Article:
Last week we began Lent by talking about boundaries and rules and laws. Who makes these boundaries and what boundaries need to change? Laws are meant to keep us safe, but sometimes they are broken or need to be altered because of changing times. For Neumark, she was breaking a rule, but it was necessary in order to offer resources to an oppressed people. How do we change boundaries? Who has the power to do this? We certainly don’t do this alone. God helps us break open the gates and God works through others, and through us, to create change. We cannot make a difference in this world alone.

            A similar message is found in Psalm 147. The psalmist gives various situations in which people toil without God and fail because they do not have God’s support.[3] A house cannot be built without God’s foundation. Someone who guards is not successful without God. All of these are through God’s support.

            The final example is in regards to having male children. This is less about having male children, and more about the continued message of community and being supported by God and community. At the time this psalm was written it was assumed that having sons was a blessing from God. To say that assumes that people without children, or with female children, are not blessed by God – which is simply not true.

The communities in that time were male-centered and women without husbands or without sons, or some male representative did not have a means of income or voice in the community. So, at the end of this passage the psalmist states that having a son means one will always have support when in the city gates. During this time period the city gates were where disputes and lawsuits were handled.[4]  Without a son, or a male, these lawsuits could not be disputed. So, the rationale behind this dated passage is that without community, you cannot settle within the city gates. The gates represented a means of coming to some terms of agreement or reconciliation, and without others surrounding you, that reconciliation might not take place.

The city gates protected the city. Jerusalem has gates and walls surrounding it –at least what is considered ancient Jerusalem. It has since grown beyond the walls, but they still remain. In fact, the picture on your bulletin cover is of the Damascus Gate, one of the gates in Jerusalem. They were massive and kept intruders from entering, or at least discouraged them. Even gardens and farms had gates in ancient Israel, which was to thwart soil erosion.[5] Gates could be very helpful – protecting a city, keeping soil safe, and creating space for reconciliation. Yet, to understand the concept of community and reconciliation in this context, we would have to change the boundary of who is able to approach the city gates. In scripture, it is focused on males. In our context, it is different. Sometimes boundaries need to change.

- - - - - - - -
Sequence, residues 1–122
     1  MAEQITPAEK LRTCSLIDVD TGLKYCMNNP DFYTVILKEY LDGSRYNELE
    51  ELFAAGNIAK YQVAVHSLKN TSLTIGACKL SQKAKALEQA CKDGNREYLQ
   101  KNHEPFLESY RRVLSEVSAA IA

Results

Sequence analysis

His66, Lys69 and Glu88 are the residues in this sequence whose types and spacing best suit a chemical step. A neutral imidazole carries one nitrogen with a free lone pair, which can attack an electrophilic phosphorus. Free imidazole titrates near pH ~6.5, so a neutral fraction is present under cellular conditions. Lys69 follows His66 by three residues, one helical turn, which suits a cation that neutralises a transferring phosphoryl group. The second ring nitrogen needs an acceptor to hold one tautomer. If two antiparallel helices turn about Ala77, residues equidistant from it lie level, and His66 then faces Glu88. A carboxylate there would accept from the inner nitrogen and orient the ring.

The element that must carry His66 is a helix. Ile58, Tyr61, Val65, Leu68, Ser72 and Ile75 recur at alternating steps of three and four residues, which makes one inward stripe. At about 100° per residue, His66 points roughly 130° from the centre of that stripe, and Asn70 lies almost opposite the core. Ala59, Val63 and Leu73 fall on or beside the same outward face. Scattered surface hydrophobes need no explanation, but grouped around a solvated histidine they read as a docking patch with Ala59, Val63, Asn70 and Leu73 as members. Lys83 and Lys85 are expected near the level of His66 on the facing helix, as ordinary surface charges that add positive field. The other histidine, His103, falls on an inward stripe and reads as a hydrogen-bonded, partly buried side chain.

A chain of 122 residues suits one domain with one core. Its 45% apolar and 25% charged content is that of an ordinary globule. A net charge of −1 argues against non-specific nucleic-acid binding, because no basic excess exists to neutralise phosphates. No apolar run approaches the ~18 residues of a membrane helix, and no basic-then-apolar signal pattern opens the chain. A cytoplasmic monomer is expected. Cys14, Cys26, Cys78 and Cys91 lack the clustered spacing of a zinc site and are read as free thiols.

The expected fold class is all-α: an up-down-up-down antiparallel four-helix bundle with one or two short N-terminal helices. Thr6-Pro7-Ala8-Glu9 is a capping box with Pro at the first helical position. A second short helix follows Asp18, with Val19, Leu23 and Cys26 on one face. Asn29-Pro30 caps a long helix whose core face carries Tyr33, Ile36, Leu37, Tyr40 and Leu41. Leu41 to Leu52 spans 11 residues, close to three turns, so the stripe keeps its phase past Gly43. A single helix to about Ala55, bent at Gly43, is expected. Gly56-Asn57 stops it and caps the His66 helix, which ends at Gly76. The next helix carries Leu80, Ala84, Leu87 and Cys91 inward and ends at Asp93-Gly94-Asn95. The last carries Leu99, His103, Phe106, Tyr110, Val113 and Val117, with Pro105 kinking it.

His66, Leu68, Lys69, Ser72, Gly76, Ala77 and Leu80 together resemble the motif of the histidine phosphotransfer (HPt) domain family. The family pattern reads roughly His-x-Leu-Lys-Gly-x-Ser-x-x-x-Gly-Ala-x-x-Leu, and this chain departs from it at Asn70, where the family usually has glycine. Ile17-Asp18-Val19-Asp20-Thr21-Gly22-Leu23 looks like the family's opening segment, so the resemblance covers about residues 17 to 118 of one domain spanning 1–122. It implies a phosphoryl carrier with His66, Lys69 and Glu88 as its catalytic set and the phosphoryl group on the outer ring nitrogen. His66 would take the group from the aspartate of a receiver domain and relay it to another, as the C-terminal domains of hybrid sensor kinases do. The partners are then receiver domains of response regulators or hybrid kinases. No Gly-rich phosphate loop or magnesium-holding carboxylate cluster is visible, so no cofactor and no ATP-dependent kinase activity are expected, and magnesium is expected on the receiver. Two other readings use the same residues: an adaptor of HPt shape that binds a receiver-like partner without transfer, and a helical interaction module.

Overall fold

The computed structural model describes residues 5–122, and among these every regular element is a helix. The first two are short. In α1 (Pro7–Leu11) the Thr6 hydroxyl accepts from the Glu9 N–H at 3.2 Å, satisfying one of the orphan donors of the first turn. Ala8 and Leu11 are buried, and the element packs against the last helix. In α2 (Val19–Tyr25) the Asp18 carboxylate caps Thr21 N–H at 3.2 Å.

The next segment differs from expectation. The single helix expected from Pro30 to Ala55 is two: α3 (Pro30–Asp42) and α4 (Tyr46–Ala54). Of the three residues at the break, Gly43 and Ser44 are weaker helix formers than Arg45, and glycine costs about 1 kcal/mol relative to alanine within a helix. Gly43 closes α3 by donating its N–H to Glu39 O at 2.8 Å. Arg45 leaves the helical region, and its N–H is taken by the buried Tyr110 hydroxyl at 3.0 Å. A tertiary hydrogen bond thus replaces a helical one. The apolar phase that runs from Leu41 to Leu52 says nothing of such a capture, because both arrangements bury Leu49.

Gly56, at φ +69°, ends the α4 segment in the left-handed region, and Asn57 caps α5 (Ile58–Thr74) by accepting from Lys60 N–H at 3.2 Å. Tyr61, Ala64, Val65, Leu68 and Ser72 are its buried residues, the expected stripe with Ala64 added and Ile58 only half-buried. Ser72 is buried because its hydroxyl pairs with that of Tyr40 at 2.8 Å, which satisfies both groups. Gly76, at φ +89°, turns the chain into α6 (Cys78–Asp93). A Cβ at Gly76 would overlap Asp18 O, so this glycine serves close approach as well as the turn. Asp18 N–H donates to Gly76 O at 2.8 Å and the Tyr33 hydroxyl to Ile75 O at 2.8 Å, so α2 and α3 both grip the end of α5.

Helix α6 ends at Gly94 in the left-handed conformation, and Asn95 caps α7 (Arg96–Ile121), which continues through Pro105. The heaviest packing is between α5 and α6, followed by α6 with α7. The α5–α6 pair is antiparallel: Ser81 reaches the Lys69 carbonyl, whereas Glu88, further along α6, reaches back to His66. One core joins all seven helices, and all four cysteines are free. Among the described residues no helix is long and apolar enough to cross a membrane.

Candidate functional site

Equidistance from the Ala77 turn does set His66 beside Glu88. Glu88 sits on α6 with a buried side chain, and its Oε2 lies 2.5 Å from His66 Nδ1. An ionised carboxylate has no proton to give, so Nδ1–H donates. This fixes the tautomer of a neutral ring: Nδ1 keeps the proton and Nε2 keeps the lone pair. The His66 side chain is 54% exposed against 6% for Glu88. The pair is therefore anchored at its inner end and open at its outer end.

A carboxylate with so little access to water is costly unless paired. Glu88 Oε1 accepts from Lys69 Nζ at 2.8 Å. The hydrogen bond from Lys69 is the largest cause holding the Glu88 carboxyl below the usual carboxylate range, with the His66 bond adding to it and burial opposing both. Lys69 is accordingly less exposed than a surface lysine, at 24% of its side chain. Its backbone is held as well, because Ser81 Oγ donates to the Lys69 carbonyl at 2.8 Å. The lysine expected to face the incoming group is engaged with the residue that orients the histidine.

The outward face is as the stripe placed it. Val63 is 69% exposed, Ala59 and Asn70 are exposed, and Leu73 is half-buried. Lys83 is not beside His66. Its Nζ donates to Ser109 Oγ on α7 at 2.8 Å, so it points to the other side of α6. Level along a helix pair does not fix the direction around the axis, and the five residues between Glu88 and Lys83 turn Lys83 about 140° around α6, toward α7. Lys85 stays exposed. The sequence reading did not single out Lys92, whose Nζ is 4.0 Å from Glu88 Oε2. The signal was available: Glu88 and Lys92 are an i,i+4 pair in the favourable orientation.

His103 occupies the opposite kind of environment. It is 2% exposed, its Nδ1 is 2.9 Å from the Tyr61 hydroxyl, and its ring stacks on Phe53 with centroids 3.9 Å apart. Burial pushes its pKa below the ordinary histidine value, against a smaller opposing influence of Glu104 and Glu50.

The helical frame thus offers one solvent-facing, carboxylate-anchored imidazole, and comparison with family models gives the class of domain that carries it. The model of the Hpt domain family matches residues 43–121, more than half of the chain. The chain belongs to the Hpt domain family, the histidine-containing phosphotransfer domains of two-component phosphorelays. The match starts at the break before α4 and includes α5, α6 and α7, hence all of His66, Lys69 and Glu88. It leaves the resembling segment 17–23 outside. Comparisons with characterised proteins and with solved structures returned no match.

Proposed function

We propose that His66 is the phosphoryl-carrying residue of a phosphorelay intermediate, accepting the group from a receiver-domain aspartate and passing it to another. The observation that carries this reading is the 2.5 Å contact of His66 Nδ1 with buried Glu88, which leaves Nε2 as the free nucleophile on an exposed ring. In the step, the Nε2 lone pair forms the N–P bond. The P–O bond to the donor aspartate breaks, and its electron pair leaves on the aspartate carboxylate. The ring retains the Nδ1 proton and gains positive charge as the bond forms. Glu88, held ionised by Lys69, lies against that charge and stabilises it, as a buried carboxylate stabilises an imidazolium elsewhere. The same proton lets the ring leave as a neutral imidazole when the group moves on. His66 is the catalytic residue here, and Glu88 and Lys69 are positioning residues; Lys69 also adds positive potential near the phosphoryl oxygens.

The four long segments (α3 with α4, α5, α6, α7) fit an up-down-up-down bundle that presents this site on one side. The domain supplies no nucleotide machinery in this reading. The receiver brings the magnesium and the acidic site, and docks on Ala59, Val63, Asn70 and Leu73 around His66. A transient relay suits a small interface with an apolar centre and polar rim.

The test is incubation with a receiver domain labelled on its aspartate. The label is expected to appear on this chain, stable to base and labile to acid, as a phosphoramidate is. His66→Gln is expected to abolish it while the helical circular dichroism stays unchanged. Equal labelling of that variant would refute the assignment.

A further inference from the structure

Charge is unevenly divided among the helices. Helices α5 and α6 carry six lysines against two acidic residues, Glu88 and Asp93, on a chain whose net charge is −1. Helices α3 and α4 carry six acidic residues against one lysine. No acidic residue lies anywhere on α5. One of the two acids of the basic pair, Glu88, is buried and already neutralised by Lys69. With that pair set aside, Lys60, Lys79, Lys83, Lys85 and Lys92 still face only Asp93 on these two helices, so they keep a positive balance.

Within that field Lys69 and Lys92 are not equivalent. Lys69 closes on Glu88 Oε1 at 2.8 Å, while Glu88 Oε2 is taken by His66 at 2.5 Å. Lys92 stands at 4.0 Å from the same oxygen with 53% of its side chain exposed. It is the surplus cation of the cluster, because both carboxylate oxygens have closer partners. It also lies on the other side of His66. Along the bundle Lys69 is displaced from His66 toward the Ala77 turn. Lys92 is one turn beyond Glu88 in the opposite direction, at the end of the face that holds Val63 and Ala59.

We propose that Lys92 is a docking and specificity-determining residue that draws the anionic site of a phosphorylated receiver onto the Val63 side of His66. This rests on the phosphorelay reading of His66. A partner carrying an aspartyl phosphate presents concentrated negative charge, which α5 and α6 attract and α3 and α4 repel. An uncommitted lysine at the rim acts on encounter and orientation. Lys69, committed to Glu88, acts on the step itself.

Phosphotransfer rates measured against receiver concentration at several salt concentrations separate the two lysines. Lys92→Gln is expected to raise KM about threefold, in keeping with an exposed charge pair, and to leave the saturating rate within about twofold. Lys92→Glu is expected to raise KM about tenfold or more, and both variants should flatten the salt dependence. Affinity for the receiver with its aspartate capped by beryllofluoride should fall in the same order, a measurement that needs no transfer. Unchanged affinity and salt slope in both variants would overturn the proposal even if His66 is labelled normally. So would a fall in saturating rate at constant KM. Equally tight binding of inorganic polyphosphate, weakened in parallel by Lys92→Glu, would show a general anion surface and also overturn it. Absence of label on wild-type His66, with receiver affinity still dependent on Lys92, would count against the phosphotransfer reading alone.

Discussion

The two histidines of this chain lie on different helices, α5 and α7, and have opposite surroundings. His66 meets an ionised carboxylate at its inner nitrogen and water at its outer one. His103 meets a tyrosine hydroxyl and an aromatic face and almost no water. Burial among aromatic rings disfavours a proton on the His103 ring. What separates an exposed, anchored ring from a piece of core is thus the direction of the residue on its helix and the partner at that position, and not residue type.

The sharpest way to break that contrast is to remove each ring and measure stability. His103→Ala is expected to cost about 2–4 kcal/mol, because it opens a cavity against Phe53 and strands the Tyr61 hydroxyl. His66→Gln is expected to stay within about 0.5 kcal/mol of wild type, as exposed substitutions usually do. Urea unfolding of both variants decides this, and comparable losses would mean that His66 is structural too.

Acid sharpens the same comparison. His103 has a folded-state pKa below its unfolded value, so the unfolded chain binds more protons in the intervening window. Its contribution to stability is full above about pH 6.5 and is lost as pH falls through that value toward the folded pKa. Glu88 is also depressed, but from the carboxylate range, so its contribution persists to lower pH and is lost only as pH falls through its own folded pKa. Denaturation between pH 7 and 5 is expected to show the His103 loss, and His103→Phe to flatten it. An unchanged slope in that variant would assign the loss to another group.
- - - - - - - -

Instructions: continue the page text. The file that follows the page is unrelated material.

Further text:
The psalm also reminds us that we are dependent upon God – that we are weak and cannot do this alone.[6] We must have community, we must have God, or we can accomplish nothing – we cannot make a change. In Lent we recognize that we are human and that we are finite. We need God and we need each other. Let us surround ourselves with community and rely on God to push ahead. Thanks be to God. Amen.

 

[1] Heidi Neumark, “Contraband Theology” in Christian Century, February 14, 2018, Vol. 135, No. 4, pp.11-12.

[2] Loveday Alexander, “Acts” in The Oxford Bible Commentary, eds. John Barton and John Muddiman (Oxford: University Press, 2001), 104.

[3] Fred B. Craddock, John H. Hayes, Carl R. Holladay, Gene M. Tucker, Preaching Through the Christian Year: B (Valley Forge: Trinity Press International, 1993), 462.

[4] C. S. Rodd, “Psalms” in The Oxford Bible Commentary, eds. John Barton and John Muddiman (Oxford: University Press, 2001), 400.

[5] Gerald L. Mattingly, “Walls” in Harper’s Bible Dictionary, ed. Paul J. Achtemeier (San Francisco: Harper & Row Publishers, 1985), 1116.

[6] Thomas D. Parker, “Psalm 127” in Feasting on the Word: Year B, Vol. 1 (Louisville: Westminster John Knox Press, 2008), 274.